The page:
About the debt collection process
The debt collection process will begin if we can’t get in contact with you or if we haven’t made a payment arrangement. This is a last resort only and will only occur after every possible option is explored. If you’re unsure at any time during this process, you should seek legal or financial advice. You can also talk to a financial counsellor for free.
The steps below outline the debt recovery process.
1. Default notice
A default notice will tell you how you are in default of your credit card or personal loan and how you need to fix it. For example, if the default is that you’ve missed repayments, we will give you at least 30 days to catch up on your repayments. We’ll usually only issue a default notice if you have missed some scheduled repayments and you aren’t already working with us to find a solution.
It's your responsibility to pay what is outstanding or let us know if you need more time.
2. Contact from one of our partners
We may refer the collection of your credit card or personal loan to a trusted third party who will contact you on our behalf. We’ll usually only refer your account if you aren’t working with us or have an arrangement in place to bring your account up to date.
3. Demand notice
If you can’t fix the default shown in the default notice, we or a third party acting on our behalf, will send you a demand notice that requires you to repay the entire credit card or personal loan balance. We’ll usually issue a demand notice if we haven’t reached an agreement to repay the overdue amounts that works for both you and us. Once you’ve received the demand notice you’ll need to tell us how you plan to pay the full debt.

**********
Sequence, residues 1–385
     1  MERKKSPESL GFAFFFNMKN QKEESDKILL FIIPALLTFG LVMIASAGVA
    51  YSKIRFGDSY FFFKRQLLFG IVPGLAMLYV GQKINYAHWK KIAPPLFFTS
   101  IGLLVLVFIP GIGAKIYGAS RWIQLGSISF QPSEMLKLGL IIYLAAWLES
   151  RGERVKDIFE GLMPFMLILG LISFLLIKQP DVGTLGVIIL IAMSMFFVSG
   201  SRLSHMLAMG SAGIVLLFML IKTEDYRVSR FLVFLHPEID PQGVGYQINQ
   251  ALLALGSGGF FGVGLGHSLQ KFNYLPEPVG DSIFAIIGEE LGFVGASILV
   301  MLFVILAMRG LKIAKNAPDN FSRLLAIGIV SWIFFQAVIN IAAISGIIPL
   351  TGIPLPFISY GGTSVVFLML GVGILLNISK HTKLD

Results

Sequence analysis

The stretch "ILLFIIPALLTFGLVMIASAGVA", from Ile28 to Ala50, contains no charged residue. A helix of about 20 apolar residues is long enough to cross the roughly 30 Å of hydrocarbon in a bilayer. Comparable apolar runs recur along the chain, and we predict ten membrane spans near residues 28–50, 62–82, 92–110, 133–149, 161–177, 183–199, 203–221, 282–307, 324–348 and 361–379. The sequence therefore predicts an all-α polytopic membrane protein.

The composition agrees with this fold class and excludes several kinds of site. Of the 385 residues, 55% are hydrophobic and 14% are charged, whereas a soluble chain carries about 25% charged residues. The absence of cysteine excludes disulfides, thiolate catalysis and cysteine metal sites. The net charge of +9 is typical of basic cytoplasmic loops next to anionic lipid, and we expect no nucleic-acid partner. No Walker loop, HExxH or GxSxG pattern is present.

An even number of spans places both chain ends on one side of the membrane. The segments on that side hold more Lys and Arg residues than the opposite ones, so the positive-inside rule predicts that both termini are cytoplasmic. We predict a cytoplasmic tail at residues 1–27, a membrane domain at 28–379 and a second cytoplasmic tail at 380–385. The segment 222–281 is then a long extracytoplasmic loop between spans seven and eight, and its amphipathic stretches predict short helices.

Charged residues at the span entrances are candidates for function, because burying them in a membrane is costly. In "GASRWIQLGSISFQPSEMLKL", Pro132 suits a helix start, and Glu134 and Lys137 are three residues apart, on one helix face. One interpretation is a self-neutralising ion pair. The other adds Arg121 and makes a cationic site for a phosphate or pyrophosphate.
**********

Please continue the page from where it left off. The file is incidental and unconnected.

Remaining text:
4. Sale of your credit card or personal loan
If you haven’t been able to repay your credit card or personal loan, we may sell your debt to a third party. This usually occurs once you’ve missed six months of your contractual repayments. We’ll advise you once your debt has been sold. You’ll be contacted by the third party and you’ll need to work with them for repayment of the debt. The third party will attempt to contact you via phone, SMS and letter.
Talk to a financial counsellor
If you're feeling overwhelmed with financial decisions, a financial counsellor can help you put a plan in place. Financial counsellors are qualified professionals who provide free, independent, and confidential information and advice to people in financial difficulty. Visit the National Debt Helpline, opens in new window or call 1800 007 007. The helpline is open Monday to Friday, 9:30am to 4:30pm (AEST/AEDT).
Other ways we can help you
Get in touch
If you're experiencing a change in your circumstances, require financial hardship assistance, or think you might need help in the future, please contact us.
Request financial hardship assistance
If you’re having trouble making your repayments, you can request assistance.
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